THE BLOG
04/29/2016 09:00 am ET Updated Dec 06, 2017

How to Buy a Mattress

man sewing a mattress

(Photo by Dave Massey)

Sleeping well is an important part of your overall health. A new mattress could be the key.

Getting a good night's sleep is often easier said than done, but a good mattress will help you get six to eight hours of quality snooze time. Stop daydreaming about that elusive shut-eye, and review these tips on how to buy the best mattress for you.

Don't fret about the price

More expensive doesn't necessarily mean a better night's sleep.

"If the least expensive [mattress] is the most comfortable, then that's the best bed for you," says David Phillips, marketing manager of The Original Mattress Factory in Cleveland. Their popular orthopedic queen-size mattress and box spring sells for $699.

Larry May, owner of May & Company, a family-owned mattress business in Indianapolis, says his most popular queen-sized set, the Heavenly Comfort with memory foam, costs just under $2,000.

Listen to your body

Replace a mattress when it starts impeding your sleep, experts say.

"A lot of places are going to give you a specific deadline, but the fact is your body will tell you when it needs something different," says Bobby Cleveland, sales executive at Verlo Mattress Factory in Greenfield, Wisconsin. "Most people keep a mattress between six and 15 years."

Lay down and give it a test

"It's all about your personal preferences, in order to determine what's right," May says. "It's whatever feels good."

May suggests lying down for at least 10 minutes to gauge your comfort level. Also, be sure you understand a store's return or exchange policy and specifically ask about any restocking fees.

Take care of the mattress

Regardless of the type of mattress, upkeep is important. Invest in a decent mattress protector and don't forget to rotate it every 60 days.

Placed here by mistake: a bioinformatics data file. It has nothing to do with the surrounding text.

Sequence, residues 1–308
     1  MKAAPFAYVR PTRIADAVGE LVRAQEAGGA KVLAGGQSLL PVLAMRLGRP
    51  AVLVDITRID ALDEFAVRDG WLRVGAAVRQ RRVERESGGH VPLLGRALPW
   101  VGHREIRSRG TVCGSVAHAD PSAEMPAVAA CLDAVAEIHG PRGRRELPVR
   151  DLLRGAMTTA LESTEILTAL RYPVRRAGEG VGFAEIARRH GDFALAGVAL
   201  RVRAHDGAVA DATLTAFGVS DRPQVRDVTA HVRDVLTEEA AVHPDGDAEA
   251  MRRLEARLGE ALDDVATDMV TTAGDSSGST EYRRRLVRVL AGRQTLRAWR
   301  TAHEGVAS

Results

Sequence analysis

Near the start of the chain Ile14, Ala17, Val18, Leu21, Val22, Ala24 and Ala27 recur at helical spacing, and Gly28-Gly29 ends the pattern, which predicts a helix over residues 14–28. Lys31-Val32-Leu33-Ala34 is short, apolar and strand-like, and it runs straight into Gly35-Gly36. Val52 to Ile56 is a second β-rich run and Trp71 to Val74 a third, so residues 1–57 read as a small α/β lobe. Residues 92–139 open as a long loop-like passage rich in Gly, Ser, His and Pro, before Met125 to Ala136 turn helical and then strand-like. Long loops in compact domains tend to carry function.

If you have a two-sided mattress, give it a flip at the same time to increase its longevity.

Invest in a solid bed frame

A sturdy frame is necessary to hold up the bed, which includes a center support.

"It prevents the dip in the middle," Phillips says. "Make sure there's a rail going across the middle and a leg going down to the floor -- not just slats across the frame."

Soften up a bit

The biggest mistake is buying a mattress that's too hard, Cleveland says.

"A lot of people think a firmer mattress is more supportive, but nothing is further from the truth," he says. "A softer mattress is going to be better -- it cushions and supports your hips, shoulders and back."

This post originally ran on AngiesList.com and is part of a series produced by The Huffington Post and Angie's List on the topic of sleep. The series aims to educate readers about the dangers of sleep deprivation. Angie's List is here to help improve your home, offering more than 700 types of services for your family. For more information about Angie's List, visit AngiesList.com.

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